Over the past ten years, two of the power grid’s worst ten days were during the polar vortex of January 2014, and for 2014 alone, four of the top ten were caused by the vortex, according to a new report by the group that enforces reliability standards on the high-voltage grid.
Weather-related challenges to the grid can be divided into two categories: the ones that disrupt load and the ones that disrupt generation. Thunderstorms, snowstorms, derechos and similar events that tear down local power lines are in the first category, and extreme temperatures are in the second. The distinction is important because if the power line in your neighborhood is taken out by a snow-covered tree, then it doesn't matter if the power plant is still running, and the system can get by on many fewer power plants as load disappears. But in a polar vortex, transmission and distribution is intact and it is the performance of the generators that is crucial.
|With the grid up and demand rising, nuclear energy did its job in 2014.|
And the wholesale price of electricity shot through the roof – which this report didn't mention, because the group that prepared it, the North American Electric Reliability Corporation, is concerned with the engineering details of keeping the lights on, not the financial details of what happens when the gas transmission system can’t feed the power plants, factories and home heating systems.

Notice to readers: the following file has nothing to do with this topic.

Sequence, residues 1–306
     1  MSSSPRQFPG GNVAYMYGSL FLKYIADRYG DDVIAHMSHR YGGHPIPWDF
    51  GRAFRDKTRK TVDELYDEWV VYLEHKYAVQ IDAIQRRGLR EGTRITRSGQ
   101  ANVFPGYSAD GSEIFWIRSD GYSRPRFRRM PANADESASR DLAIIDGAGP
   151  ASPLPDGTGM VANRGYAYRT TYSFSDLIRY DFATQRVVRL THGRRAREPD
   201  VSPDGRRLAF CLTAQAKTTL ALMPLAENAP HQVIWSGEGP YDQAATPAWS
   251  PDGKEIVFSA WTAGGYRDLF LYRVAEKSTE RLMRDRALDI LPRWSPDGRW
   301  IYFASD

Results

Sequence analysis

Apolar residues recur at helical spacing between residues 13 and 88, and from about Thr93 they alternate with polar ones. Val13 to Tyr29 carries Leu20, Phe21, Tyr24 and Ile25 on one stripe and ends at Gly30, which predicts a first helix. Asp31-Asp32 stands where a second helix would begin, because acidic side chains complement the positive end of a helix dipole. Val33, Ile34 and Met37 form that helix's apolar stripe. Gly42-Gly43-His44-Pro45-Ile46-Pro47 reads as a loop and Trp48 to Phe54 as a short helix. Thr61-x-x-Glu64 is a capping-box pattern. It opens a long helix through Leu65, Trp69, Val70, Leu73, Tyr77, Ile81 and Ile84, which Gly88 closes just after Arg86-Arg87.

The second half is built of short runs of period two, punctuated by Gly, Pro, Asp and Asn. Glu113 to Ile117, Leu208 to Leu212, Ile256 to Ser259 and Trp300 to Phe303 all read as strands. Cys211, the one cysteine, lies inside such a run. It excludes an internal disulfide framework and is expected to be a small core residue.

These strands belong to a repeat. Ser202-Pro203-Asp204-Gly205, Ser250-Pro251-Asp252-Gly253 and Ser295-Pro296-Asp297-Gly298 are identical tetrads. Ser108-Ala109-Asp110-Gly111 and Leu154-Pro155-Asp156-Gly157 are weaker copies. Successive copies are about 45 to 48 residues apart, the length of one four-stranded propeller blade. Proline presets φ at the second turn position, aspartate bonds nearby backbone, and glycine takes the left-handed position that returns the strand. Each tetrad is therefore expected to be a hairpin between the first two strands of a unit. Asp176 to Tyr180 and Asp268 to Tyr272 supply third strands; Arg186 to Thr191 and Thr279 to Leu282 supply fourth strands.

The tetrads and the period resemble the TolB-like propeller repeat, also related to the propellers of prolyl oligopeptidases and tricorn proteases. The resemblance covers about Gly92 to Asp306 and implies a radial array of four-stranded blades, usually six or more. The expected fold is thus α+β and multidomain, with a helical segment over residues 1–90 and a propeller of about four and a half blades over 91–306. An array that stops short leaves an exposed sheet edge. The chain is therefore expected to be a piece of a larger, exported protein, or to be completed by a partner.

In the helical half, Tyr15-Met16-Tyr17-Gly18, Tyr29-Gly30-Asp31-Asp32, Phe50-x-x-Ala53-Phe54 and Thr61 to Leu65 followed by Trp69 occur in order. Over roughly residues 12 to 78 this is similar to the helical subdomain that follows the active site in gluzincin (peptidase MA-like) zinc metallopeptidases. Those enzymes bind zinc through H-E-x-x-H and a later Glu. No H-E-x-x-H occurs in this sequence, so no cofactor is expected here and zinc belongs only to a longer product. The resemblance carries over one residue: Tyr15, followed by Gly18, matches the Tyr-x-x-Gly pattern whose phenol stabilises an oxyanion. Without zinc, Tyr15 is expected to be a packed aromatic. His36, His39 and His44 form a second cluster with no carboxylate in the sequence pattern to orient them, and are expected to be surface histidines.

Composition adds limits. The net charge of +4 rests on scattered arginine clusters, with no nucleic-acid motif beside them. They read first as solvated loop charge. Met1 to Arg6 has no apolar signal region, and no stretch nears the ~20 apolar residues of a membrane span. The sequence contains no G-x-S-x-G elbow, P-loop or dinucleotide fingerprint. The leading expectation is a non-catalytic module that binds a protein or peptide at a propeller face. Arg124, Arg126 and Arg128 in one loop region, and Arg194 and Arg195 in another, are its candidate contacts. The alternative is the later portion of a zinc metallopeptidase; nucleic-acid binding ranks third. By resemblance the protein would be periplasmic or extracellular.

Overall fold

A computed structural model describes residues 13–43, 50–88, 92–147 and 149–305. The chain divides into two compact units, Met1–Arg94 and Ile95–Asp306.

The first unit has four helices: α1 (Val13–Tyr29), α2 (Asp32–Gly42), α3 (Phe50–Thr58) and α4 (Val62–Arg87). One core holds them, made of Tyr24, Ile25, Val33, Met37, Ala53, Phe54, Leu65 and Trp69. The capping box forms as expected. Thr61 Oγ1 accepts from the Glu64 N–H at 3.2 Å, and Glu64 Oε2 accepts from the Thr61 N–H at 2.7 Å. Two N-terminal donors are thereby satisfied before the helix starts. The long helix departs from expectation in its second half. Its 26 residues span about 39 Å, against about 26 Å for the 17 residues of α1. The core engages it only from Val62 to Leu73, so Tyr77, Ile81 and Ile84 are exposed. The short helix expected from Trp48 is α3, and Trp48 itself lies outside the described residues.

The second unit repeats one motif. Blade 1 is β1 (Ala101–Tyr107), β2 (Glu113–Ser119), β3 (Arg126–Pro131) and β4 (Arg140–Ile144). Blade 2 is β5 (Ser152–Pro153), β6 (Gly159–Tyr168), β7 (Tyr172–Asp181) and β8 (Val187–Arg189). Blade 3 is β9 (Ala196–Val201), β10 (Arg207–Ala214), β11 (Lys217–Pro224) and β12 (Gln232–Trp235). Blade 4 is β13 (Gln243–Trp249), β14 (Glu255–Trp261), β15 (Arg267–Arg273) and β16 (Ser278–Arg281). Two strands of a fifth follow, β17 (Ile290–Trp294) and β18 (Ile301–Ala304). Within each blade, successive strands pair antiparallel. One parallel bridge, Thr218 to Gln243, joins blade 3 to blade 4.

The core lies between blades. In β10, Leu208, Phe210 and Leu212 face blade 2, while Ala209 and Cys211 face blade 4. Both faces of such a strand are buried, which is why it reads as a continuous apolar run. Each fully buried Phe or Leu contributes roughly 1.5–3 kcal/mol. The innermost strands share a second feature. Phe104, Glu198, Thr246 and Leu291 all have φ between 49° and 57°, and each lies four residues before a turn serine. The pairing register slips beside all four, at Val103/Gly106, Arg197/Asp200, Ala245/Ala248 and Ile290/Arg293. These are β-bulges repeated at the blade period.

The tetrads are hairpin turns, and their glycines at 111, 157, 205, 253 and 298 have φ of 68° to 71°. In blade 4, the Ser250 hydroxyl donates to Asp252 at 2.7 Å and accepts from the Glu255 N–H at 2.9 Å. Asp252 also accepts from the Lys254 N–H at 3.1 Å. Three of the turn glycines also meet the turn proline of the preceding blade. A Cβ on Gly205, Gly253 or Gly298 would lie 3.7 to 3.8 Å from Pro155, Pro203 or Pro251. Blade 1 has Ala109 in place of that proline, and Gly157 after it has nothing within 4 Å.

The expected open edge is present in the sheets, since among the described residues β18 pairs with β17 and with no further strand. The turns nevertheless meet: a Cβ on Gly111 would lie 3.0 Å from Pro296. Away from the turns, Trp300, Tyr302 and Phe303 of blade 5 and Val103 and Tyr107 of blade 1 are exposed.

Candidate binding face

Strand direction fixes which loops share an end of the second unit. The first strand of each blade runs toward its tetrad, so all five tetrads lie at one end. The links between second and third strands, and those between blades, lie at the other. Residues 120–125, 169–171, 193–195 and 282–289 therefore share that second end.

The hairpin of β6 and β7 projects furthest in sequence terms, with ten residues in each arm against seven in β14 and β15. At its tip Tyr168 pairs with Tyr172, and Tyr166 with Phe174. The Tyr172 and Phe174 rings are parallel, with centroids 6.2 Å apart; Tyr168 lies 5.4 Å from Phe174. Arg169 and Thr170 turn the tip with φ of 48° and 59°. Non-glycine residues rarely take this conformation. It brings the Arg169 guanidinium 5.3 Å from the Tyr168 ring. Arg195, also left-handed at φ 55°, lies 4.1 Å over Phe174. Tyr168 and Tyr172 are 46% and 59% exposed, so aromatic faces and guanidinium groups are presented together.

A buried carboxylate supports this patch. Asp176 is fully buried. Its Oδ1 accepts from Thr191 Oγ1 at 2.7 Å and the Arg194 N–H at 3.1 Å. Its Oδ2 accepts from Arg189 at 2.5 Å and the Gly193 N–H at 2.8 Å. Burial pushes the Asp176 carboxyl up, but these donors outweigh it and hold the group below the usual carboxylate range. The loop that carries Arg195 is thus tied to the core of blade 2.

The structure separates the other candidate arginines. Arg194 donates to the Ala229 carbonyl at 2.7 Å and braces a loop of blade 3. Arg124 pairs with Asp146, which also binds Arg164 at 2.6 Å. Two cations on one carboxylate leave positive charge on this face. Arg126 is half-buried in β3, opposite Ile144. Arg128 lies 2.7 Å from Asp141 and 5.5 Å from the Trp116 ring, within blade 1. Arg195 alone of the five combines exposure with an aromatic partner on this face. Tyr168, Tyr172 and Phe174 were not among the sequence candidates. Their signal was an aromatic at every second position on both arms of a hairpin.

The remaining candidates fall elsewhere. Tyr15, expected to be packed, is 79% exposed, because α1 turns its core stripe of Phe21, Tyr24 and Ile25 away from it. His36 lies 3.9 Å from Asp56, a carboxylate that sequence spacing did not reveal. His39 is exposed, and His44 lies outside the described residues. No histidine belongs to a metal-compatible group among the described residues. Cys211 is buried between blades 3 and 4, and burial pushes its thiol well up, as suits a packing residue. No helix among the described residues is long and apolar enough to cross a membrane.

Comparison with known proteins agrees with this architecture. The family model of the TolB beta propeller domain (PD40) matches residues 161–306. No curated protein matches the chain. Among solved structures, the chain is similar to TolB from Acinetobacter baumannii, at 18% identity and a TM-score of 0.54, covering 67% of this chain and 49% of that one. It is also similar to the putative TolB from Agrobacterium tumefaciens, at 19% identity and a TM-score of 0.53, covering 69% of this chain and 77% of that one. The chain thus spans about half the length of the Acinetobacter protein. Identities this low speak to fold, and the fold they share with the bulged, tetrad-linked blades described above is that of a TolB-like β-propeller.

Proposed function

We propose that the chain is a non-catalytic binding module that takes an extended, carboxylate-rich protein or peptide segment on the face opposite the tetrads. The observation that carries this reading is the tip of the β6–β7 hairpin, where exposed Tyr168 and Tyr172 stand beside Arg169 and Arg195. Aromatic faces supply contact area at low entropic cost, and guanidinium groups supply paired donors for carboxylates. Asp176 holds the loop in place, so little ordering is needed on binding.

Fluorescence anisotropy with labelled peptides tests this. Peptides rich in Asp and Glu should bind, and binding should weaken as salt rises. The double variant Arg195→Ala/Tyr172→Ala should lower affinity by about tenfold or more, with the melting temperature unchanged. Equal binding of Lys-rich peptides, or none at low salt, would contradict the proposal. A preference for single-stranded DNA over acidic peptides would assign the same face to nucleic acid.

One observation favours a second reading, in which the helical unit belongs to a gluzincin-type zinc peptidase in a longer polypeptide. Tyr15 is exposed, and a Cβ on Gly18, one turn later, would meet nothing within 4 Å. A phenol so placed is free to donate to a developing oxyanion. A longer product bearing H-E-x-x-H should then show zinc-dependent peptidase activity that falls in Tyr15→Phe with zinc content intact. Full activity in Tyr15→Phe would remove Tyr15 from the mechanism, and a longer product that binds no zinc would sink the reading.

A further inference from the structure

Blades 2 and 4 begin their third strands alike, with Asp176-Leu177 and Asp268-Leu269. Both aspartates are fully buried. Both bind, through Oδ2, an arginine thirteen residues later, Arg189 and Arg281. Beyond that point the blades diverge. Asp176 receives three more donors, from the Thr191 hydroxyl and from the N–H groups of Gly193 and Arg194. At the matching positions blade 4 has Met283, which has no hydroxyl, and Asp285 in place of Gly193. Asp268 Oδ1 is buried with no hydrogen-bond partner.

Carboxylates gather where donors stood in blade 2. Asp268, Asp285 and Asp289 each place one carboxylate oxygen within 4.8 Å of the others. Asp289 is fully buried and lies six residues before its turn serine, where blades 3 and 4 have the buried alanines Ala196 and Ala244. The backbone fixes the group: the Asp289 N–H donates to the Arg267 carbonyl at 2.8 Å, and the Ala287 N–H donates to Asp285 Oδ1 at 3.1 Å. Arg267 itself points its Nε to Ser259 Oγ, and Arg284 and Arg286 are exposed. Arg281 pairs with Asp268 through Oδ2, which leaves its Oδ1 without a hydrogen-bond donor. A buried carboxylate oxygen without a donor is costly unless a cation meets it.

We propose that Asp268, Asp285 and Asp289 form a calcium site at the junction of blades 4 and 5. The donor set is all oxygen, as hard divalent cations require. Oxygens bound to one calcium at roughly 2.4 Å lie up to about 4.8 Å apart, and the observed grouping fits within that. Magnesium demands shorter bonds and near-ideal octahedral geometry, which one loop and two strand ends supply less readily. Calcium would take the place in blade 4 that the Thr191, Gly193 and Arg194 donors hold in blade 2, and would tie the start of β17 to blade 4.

The system mostly scraped through the challenge, largely because of the generators that ran without difficulty, nuclear reactors, which had their fuel already on site, and thus did not suffer from gas pipeline constraints or frozen coal piles, or the inability of barges to bring fuel over ice-choked rivers. Their performance was an example, mostly unappreciated, of the strength that the grid draws from its diversity.